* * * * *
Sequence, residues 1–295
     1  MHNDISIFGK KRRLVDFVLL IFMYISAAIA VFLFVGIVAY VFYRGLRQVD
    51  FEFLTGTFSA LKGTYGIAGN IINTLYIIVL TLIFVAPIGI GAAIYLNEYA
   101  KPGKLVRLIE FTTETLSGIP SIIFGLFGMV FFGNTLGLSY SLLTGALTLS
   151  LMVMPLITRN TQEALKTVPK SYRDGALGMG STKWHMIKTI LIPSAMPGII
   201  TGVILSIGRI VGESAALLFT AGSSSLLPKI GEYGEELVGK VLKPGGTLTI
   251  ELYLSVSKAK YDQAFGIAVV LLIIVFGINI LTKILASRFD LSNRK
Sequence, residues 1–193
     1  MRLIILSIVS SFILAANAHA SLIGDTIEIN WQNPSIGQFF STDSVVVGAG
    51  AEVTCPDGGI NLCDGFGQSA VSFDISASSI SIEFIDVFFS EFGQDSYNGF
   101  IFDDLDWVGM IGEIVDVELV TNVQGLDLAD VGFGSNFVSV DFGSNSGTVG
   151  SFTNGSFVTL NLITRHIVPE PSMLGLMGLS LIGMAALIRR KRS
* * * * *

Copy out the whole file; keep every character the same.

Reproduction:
Sequence, residues 1–295
     1  MHNDISIFGK KRRLVDFVLL IFMYISAAIA VFLFVGIVAY VFYRGLRQVD
    51  FEFLTGTFSA LKGTYGIAGN IINTLYIIVL TLIFVAPIGI GAAIYLNEYA
   101  KPGKLVRLIE FTTETLSGIP SIIFGLFGMV FFGNTLGLSY SLLTGALTLS
   151  LMVMPLITRN TQEALKTVPK SYRDGALGMG STKWHMIKTI LIPSAMPGII
   201  TGVILSIGRI VGESAALLFT AGSSSLLPKI GEYGEELVGK VLKPGGTLTI
   251  ELYLSVSKAK YDQAFGIAVV LLIIVFGINI LTKILASRFD LSNRK
Sequence, residues 1–193
     1  MRLIILSIVS SFILAANAHA SLIGDTIEIN WQNPSIGQFF STDSVVVGAG
    51  AEVTCPDGGI NLCDGFGQSA VSFDISASSI SIEFIDVFFS EFGQDSYNGF
   101  IFDDLDWVGM IGEIVDVELV TNVQGLDLAD VGFGSNFVSV DFGSNSGTVG
   151  SFTNGSFVTL NLITRHIVPE PSMLGLMGLS LIGMAALIRR KRS